Notice that the meat and egg mixture is kind of slimy and clumpy.  You need a binder.  In the Standard American Diet, that binder is bread crumbs.  But see what’s in the background of the Green Stuff picture?  Almond flour!  That stuff can get expensive, so if you don’t want to use it, I’d suggest skipping the egg entirely and just using the meat blend.  But I think the texture is better if you use a bit of filler, and just like the Green Stuff, a little bit of almond flour goes a long way.

See?  You don’t need much at all.  Blend it together with your hands, until you can make a ball with it and it holds its own shape.

Take half of that ball and line the bottom of a loaf pan with it.  You’ll want to press it up the sides a bit to make a small tunnel.  A meat culvert, if you will.  A meat ditch.  A meat valley.  This sounds dirty.  I’ll just show you the picture.

The meat crevasse does not show up well in that picture.  I use an iPhone 4 as my camera, and my kitchen is annoyingly peach, so I apologize for the picture quality.  Anyhoo, this is where the fun begins.  First, you need some sliced ham.  Try to get good quality ham, cured with minimal sugar.  I asked for the least sweet ham that they had, and it turned out well.  Take about six ham slices and line your meat gorge with it.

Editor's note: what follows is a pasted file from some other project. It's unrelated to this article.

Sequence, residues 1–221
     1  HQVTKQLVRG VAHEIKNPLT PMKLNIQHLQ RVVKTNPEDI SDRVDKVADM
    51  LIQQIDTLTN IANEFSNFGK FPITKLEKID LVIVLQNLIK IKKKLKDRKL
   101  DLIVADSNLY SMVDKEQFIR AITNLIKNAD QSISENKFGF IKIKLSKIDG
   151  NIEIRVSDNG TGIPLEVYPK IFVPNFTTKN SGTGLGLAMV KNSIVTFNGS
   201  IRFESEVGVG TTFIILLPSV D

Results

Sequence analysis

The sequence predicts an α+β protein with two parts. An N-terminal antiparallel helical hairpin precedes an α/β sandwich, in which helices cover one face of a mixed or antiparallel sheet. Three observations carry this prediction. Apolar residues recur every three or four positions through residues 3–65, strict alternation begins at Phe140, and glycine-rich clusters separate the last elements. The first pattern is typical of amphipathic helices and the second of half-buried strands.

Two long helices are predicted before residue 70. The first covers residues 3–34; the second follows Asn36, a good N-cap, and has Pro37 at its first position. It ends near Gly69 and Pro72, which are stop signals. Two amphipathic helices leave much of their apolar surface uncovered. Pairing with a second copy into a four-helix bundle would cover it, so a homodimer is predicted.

Next, slice up some cheese.  Zita’s original used cheap block mozzarella.  I try to be good about the cheese I use, so I got some raw Jack cheese from Whole Foods and used it.  I wasn’t precise, but this is about 3/4 cup of cheese.  Put it on top of the ham.  You can skip this step if you don’t do dairy, but man, it’s one good step.

Now here’s where things get CRAZY.  Add three peeled (duh) hard-boiled eggs.

Take the other half of your meat ball, and use it to seal all that goodness into the middle of the meatloaf.  You’ll want to take your finger and run it around the outside of the loaf to make sure to seal it up well, otherwise all that cheese will leak out while it’s cooking.  I guarantee you no matter how well you seal it up, some will still ooze out, but you still have to try to seal it up, otherwise it’s total chaos.  At the end, it’ll look something like this.

Remember those cornflakes I mentioned?  Well, we can’t use those, but what we CAN use is slivered almonds!  I forgot to take a picture of that, so you’ll just have to wait and see the finished product.  Put your almond-topped meat mountain into an oven that you’ve conveniently preheated to 350 degrees.  It’ll be done in an hour.